LOS ANGELES, California, August 22, 2003 - Epeius Biotechnologies Corporation ("Epeius" www.epeiusbiotech.com) today announced that the FDA has approved REXIN-G, the world's first tumor-targeted injectable gene therapy vector, as an orphan drug for pancreatic cancer. The FDA's decision to approve REXIN-G was based on objective demonstrations of medical plausibility of REXIN-G as an effective treatment for pancreatic cancer. The major benefit to the company is market exclusivity for the REXIN-G product for all types of pancreatic cancer. This represents a highly significant milestone for Epeius Biotechnologies since its lead product, REXIN-G, is the first gene therapy product to gain FDA orphan drug designation for pancreatic cancer.
Epeius also announced that the Company has executed a screening agreement with the National Cancer Institute wherein NCI scientists will evaluate the activity of REXIN-G and other promising targeted gene therapy products at the NCI. In an interview with Dr. Frederick L. Hall, President and CEO of Epeius Biotechnologies, Dr. Hall emphasized that "Federal and State support is vital to an emerging biotech company like Epeius, to expedite the advancement of REXIN-G and other targeted genetic medicines to the clinic for the benefit of cancer patients. The screening agreement is an important first step.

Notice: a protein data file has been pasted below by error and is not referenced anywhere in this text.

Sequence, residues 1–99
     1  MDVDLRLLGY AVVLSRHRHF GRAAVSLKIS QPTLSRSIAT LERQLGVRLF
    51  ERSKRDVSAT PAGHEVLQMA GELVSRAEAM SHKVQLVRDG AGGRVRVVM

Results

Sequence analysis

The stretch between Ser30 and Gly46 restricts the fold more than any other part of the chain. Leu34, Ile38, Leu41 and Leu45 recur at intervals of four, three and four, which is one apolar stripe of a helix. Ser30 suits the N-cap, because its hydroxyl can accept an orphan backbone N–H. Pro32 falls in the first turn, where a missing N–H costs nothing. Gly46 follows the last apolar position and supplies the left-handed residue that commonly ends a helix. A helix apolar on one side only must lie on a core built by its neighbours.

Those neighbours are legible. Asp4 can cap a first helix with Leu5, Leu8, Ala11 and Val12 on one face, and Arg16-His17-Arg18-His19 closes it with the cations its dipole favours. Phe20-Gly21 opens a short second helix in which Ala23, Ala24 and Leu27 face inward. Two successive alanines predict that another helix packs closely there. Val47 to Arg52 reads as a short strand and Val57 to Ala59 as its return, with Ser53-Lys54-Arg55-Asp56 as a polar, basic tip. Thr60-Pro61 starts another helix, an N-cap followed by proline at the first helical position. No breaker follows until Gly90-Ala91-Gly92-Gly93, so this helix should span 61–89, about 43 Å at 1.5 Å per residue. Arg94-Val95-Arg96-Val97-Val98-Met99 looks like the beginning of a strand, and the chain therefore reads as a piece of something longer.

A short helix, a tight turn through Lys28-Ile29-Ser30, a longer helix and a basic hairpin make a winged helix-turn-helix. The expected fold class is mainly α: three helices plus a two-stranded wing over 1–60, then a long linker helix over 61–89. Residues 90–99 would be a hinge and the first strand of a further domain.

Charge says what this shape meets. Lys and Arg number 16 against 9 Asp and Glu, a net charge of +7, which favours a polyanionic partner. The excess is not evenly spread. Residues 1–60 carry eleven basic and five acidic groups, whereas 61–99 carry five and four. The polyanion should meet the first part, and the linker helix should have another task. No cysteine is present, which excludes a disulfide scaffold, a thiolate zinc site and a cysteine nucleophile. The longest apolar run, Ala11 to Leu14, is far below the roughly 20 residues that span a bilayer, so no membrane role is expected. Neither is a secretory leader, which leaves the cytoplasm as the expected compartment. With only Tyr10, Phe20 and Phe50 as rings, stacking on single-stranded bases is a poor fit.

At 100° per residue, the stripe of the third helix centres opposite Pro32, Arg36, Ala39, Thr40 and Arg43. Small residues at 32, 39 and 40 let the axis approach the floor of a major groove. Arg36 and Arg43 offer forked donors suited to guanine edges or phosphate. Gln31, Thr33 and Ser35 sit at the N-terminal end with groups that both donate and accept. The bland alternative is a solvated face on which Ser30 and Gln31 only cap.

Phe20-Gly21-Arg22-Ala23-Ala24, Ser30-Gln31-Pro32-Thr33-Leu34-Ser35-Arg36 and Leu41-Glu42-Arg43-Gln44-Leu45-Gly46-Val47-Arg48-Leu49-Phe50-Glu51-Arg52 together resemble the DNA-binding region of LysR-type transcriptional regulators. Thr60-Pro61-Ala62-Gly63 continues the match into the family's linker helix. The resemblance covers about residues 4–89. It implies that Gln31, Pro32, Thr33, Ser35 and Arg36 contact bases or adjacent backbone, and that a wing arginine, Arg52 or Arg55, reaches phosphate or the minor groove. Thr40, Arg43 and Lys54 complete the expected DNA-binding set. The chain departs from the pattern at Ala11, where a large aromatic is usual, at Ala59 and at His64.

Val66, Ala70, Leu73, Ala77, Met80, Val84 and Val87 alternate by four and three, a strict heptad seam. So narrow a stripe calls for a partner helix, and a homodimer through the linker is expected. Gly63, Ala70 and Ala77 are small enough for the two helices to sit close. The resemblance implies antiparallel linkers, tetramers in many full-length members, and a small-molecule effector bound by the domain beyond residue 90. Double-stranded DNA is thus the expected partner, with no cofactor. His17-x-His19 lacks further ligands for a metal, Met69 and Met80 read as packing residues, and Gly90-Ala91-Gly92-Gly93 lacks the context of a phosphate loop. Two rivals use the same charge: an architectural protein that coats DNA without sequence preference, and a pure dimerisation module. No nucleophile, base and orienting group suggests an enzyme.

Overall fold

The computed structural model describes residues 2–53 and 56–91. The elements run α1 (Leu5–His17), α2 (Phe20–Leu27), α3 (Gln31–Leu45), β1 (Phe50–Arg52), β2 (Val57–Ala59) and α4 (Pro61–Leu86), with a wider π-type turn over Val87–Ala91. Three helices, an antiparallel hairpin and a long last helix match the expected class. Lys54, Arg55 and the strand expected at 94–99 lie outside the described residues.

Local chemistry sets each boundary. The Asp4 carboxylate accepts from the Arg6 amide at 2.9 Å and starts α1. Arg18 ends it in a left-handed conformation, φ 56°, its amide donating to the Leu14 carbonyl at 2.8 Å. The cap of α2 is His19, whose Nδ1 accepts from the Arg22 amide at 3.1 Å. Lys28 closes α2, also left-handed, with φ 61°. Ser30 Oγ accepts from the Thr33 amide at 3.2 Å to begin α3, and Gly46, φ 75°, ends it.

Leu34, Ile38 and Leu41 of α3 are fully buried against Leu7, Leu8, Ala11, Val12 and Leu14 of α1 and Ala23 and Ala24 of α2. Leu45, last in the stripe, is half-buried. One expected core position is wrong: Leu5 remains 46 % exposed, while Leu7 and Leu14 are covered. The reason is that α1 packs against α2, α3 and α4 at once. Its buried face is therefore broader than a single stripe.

ABOUT EPEIUS: The mission of Epeius Biotechnologies is to develop and commercialize the first truly effective Targeted Delivery System (TDS) that can be injected directly into a vein to deliver genes and molecular therapeutics preferentially to cancerous tumors that have spread throughout the body (metastatic cancer), without eliciting systemic side effects or organ damage. REXIN-G is the first targeted injectable gene therapy vector that has been approved by both the U.S. FDA and the Philippine BFAD (FDA counterpart) for use in Phase I/II cancer clinical trials. The encouraging results of the first human experience using REXIN-G as intravenous infusions for advanced pancreatic cancer will be presented at the SRI Nucleic Acid World Summit meeting in Boston on September 16, 2003 by Dr. Erlinda M. Gordon, Medical Director of Epeius.
Message posted by: Frank S. Zollmann
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